Exposé Online banner

Spectrum Orchestrum — It's About Time
(Atypeek Music, 2018, CD)

by Peter Thelen, Published 2018-10-08

It's About Time Cover art

French five-piece Spectrum Orchestrum started back in 2007, and has been pretty much flying under the radar all this time. We were introduced to them with their last release Suburbs (from 2014) but there are four releases prior to that, beginning with Improvisarium in 2008. This newest release, It’s About Time, subtitled Improvisarium V, contains only three tracks, from the one-minute opener to the 33-minute title track, and then a ten-minute closer. And as you might have accurately guessed, this is all improvised, although this is all too tight to not have been rehearsed a dozen times or more before the recording session. The band features guitar, bass, drums and percussion, Fender Rhodes and organ, and last but not least, alto sax; there are voices as well, though not credited. That one minute opener “Three to One” as a minute of complete chaos and madness, every player making as much noise as they can for the duration; think of that ending coda to “21st Century Schizoid Man” and you will be almost there. Going forward, we have the main course, “About Time” in three parts, although one might have no idea where the parts begin and end because everything just morphs along as it goes with an intense groove, beginning with a drum cadence and throbbing bass, then a gentle keyboard atmospheric later joined by a conversation between guitar and sax, slowly building in intensity and power, ratcheting up at a steady pace, reminiscent of some mid-70s Magma sans vocals, just a little more gnarly and freaky. Around the eleven-minute mark a series of whistles go off and the groove descends into a mysterious corner, less hard-driving, with mettalic gongs and bells and odd percussion that may remind the listener of Indonesian gamelan, but in truly free-improv style, piquing the imagination. As we approach the 18-minute mark, the bass and electric piano groove begins to return to its previous strength, slowly but ever so surely, driving forward like a march into the abyss, with sax joined by wordless voices, snarly guitars, and general chaos, beginning a slow fade at around the 31-minute point, with the voices becoming more promonent. The closer, with its reassuring title “Not the End,” is a slower evolving piece without a uniform driving groove, pushing out in all directions until it all winds down around the ten minute mark. Fans of 70s Magma, Combat Astronomy, and similarly inclined power-improv units should definitely add this to their list.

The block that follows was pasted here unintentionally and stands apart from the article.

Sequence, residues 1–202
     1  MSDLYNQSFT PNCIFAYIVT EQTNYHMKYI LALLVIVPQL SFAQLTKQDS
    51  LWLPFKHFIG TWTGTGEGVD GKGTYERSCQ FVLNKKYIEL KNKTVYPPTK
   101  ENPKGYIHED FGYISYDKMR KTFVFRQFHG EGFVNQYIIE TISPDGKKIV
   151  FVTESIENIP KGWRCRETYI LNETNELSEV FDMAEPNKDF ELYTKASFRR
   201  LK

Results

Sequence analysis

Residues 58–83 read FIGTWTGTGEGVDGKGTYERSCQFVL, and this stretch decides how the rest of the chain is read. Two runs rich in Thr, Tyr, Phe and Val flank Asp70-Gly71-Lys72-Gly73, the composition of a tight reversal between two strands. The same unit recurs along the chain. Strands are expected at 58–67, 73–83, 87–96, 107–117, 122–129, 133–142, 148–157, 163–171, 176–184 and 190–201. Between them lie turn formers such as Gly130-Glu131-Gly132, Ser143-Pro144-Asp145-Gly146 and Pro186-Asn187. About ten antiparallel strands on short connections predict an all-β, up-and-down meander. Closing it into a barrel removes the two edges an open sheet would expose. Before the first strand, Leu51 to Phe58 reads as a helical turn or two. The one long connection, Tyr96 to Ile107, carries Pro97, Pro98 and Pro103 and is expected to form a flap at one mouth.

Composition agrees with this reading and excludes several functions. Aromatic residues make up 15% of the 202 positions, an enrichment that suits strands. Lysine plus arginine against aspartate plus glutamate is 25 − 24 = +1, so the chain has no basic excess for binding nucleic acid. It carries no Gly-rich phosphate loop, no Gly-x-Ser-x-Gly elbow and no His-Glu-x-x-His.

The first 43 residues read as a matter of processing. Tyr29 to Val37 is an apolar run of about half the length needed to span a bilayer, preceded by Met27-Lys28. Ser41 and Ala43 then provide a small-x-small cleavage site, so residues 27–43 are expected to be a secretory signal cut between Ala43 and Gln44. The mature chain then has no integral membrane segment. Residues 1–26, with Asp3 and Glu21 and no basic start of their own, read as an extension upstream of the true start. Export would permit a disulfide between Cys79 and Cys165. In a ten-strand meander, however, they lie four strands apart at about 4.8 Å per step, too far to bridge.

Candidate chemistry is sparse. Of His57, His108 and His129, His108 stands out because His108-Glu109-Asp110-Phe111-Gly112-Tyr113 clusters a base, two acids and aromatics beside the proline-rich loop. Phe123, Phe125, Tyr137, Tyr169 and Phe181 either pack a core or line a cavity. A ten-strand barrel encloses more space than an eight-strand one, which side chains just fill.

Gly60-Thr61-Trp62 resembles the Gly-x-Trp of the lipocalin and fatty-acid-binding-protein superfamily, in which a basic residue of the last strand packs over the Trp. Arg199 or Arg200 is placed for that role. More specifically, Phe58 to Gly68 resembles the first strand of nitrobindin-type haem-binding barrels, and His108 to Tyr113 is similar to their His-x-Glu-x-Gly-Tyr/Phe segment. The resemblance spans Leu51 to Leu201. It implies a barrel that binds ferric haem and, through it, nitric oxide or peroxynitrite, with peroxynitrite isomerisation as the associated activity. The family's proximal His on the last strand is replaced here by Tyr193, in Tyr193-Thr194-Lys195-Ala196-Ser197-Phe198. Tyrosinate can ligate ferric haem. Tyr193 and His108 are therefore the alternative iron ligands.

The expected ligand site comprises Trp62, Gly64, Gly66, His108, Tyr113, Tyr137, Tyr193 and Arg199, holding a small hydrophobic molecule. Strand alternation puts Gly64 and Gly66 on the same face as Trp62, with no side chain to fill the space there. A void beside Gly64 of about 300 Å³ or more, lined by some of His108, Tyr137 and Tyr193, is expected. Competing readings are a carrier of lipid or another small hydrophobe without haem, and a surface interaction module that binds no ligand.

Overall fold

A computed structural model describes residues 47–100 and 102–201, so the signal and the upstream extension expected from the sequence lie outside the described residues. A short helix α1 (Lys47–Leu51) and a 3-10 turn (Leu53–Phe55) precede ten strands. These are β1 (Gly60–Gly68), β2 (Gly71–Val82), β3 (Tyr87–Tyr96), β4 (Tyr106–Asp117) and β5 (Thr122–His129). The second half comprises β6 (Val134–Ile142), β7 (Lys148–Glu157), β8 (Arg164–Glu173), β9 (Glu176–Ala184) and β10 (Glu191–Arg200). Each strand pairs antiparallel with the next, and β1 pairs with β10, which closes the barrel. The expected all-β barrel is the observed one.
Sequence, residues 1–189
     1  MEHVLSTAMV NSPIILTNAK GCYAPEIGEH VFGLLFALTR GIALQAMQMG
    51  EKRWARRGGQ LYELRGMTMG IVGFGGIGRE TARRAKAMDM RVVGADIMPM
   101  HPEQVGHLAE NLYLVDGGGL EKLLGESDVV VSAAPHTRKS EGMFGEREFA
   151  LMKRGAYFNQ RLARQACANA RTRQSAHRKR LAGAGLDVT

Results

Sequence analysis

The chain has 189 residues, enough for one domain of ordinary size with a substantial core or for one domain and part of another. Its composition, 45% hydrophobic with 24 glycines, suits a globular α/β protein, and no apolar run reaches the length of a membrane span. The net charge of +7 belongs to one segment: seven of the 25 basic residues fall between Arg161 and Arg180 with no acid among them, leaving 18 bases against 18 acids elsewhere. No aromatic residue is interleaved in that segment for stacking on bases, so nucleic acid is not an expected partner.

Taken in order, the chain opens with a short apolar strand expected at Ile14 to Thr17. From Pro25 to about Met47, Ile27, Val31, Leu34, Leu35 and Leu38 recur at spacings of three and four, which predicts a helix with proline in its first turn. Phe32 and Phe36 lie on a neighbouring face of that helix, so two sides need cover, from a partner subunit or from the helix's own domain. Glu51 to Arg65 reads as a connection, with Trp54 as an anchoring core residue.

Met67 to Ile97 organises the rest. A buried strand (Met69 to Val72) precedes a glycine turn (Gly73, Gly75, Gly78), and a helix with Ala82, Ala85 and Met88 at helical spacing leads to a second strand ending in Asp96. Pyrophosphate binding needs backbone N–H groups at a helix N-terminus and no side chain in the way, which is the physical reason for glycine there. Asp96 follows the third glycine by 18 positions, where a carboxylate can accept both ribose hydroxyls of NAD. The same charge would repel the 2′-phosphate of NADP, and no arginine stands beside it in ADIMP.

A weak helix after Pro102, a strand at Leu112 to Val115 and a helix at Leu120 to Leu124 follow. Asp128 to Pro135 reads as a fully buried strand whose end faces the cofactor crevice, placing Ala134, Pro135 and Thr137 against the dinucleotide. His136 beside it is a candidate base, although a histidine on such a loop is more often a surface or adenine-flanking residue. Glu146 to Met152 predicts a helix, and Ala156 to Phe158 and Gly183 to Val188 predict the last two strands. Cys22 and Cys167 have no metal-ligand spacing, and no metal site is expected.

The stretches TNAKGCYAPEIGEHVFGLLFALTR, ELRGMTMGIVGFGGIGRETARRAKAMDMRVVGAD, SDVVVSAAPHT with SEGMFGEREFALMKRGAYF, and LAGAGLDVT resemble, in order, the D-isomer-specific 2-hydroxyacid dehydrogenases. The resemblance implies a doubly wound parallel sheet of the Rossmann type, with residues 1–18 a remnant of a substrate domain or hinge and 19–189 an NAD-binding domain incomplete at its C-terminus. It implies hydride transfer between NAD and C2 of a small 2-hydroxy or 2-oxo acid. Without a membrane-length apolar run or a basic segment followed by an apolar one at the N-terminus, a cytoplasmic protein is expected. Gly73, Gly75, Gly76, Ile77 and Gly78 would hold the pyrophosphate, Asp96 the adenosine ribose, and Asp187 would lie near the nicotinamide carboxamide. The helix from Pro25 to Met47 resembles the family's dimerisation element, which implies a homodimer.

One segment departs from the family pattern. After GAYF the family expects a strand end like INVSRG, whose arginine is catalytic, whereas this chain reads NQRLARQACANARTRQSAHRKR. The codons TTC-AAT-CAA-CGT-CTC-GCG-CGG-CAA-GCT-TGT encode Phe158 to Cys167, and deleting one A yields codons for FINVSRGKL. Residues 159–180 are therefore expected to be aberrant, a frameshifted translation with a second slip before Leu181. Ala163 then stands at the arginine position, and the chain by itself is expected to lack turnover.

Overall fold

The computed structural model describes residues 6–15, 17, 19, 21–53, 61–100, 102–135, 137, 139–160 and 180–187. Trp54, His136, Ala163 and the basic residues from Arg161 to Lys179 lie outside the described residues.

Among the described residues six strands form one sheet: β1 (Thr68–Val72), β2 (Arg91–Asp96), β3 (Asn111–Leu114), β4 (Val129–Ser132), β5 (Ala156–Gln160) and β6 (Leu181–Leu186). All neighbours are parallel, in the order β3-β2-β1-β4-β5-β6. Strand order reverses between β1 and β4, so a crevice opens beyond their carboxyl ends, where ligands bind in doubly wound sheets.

The release is available on the French digital label Atypeek Music, with physical releases on micro DIY-labels La Société du Spectral, Bang Bang, L'étourneur, Do It Youssef.


Filed under: New releases, 2018 releases

Related artist(s): Spectrum Orchestrum

More info
http://spectrumorchestrum.bandcamp.com/album/its-about-time

Latest news

2021-01-18
Asia Minor Third Album on the Way – On January 29, AMS records will be releasing the long-awaited third album by classic Turkish-French band Asia Minor. Released last year in Japan, this will be the widespread debut of Points of Liberation. The album features original members Setrak Bakirel (vocals, guitar) and Eril Tekeli (flute, guitar). » Read more

2020-12-09
Harold Budd RIP – Harold Budd, one of pre-eminent American composers of avant-garde and minimalism, has died of complications from the coronavirus. Budd came to prominence in the 70s, championed by Brian Eno on his Obscure Records label, with music that blended academic minimalism with electric jazz and electronic music. Much of Budd's best known work was done in collaboration with other artists, including Eno, Daniel Lanois, Robin Guthrie, Andy Partridge, John Foxx, Jah Wobble, and many others. » Read more

2020-11-20
25 Views of Worthing Finally Gets Released – A while ago, we wrote about the discovery of a "long lost" Canterbury-style gem by a band called 25 Views of Worthing. And now we're pleased to find out that Wind Waker Records has released their music on an LP. » Read more

2020-10-14
Audion Is Back in Business – Our esteemed colleague Alan Freeman has restarted Audion Magazine after a seven year hiatus. The new incarnation is available online on their Bandcamp site. Audion's history goes back to 1984, and included 58 issues up to 2013. Issue #59 is available now, and #60 is in the works. » Read more

2020-10-06
Romantic Warriors IV – Krautrock (Part 2) Is in the Works – Zeitgeist Media, the people who have brought us the great series of documentary films chronicling the history of progressive rock, are working on the second installment of their examination of German music. Krautrock 2 will focus on artists from Münich such as Guru Guru, Amon Düül II, Xhol Caravan, Kraan, Witthüser & Westrupp, and Popol Vuh. » Read more


Previously in Exposé...

Dom F. Scab - Analogical Confessions – Dom F. Scab is Spain’s answer for Tangerine Dream fans who wish they still sounded like they did in 1985 or 1986, right when they transitioned from Johannes Schmoelling to Paul Haslinger. His...  (2002) » Read more



Listen & discover



Print issues